The agreement struck today between the FDF and the UK’s food and drink unions on worker safety follows weeks of protracted negotiations. In reality, they’ve actually only agreed on a few basic principles – the document lacks lots of detail – which says it all about how difficult those negotiations have been. 

One supplier source describes it as a “miracle” that the FDF has been able to achieve any common ground at all, given the huge amount of politics behind the scenes and genuine safety fears about PPE, masks and social distancing.

It’s one of the reasons suppliers are so worried about what lies ahead as details from Boris Johnson’s widely leaked plans to ease the lockdown start to filter out, with the PM set to provide more details on Sunday.

There are so many big questions to be decided.

Will the public be advised to wear masks? And if so, what will the impact be on food workers, who in some cases are already facing shortages and for whom home-made versions simply don’t cut it when it comes to food factory standards?

What will be the impact of the new test and trace programme? Retailers have already raised fears it will make supermarkets hotspots and could lead to a new staffing crisis just as numbers have come back into single digits.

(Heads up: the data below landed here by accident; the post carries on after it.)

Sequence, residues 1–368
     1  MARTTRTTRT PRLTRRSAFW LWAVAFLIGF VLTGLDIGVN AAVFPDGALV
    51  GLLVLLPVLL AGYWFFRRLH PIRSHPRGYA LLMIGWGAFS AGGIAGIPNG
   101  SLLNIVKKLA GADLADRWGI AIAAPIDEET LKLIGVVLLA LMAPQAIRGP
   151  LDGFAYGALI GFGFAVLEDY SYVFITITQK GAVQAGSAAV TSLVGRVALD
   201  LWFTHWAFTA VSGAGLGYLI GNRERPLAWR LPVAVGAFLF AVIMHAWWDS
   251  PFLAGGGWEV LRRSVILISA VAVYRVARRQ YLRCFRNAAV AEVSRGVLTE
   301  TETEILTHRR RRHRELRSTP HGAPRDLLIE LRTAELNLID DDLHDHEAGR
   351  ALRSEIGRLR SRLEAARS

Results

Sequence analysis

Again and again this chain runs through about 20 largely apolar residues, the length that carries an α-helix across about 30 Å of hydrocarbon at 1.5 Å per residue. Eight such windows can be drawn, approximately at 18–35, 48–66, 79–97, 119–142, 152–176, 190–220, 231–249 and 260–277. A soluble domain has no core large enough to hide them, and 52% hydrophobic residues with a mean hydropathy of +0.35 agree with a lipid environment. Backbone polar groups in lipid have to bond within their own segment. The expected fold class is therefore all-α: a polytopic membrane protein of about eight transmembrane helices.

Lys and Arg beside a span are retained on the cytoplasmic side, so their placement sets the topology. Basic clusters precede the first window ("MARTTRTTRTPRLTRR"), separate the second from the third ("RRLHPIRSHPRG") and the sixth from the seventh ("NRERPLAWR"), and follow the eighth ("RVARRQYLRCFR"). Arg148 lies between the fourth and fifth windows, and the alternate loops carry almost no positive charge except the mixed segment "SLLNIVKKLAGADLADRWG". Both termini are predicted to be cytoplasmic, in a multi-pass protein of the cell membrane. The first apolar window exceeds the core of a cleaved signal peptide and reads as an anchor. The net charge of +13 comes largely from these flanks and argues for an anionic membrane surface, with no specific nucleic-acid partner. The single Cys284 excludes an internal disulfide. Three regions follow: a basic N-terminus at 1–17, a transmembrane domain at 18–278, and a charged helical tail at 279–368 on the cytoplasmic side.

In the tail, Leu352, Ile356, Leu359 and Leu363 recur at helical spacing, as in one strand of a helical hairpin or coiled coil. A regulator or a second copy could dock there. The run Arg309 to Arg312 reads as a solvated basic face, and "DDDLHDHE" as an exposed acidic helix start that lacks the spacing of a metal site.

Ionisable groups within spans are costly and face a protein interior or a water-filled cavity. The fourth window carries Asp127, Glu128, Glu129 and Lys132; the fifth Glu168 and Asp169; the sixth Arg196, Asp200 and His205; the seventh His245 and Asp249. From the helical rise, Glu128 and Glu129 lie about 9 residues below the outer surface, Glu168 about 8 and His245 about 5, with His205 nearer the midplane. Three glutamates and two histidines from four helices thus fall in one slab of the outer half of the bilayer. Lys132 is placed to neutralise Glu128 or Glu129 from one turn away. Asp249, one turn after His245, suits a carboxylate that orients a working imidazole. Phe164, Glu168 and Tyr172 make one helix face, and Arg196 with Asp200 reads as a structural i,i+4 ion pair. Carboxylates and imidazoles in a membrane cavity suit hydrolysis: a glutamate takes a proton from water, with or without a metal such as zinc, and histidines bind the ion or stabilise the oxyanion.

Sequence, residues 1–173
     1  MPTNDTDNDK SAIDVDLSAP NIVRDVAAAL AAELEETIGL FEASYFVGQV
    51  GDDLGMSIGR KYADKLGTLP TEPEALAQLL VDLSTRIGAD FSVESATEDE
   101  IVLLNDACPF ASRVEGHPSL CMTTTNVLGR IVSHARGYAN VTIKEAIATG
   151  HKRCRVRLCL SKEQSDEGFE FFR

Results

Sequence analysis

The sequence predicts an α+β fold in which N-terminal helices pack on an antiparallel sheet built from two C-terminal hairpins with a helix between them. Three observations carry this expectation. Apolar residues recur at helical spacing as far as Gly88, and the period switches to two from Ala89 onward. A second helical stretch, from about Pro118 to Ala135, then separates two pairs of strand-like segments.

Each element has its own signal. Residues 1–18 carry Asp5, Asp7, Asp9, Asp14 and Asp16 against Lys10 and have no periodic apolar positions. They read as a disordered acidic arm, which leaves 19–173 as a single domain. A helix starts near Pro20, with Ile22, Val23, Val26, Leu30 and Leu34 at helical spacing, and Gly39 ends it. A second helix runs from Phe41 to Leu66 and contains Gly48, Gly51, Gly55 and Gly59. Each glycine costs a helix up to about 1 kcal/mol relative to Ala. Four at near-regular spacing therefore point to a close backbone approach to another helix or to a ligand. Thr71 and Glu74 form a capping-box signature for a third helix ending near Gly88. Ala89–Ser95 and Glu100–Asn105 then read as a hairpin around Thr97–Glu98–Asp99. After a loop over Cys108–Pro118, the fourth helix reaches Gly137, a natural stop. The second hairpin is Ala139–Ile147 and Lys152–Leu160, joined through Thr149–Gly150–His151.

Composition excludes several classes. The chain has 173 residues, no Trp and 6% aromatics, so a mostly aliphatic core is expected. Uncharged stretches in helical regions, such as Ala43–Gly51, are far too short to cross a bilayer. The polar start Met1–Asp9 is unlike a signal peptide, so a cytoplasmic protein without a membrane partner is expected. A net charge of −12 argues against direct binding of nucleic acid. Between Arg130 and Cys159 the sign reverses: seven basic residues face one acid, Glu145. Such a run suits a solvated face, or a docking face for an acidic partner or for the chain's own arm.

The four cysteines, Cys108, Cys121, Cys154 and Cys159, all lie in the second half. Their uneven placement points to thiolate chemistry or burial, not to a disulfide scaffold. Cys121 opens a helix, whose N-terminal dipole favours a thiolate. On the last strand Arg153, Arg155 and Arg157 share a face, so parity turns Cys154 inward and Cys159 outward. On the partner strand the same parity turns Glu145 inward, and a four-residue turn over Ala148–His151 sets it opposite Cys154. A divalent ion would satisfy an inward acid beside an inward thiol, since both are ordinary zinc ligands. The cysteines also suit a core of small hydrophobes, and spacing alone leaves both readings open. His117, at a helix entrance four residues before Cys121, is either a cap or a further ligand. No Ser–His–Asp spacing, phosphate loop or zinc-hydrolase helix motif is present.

The union agreement on worker safety is all the more notable when you look at the situation in Scotland, where no such agreement has been reached and where first minister Nicola Sturgeon has taken a very different approach to the food industry than her counterparts in Westminster.

From the start of the outbreak, the Scottish government has taken what many see as a more cautious approach, especially on the issue of who count as key workers.

The same approach is likely to be followed when it comes to easing the lockdown, despite calls from Tory MSPs for the two governments to work in harmony.

If anyone is in any doubt over the difference that approach makes, take a look at the absenteeism figures. Scotland, famous as one of the UK’s food producing heartlands, has absenteeism rates in the industry of around 12%, at least 3% higher than in England, with almost 15% of companies having stopped working since the crisis began.

This balance between worker safety and the economic damage of the crisis is at the very heart of the decisions that governments have been making and will dominate matters as the exit strategies from lockdown are crystallised. It will also dominate the decisions businesses make as the nation emerges, albeit slowly, from the bunker.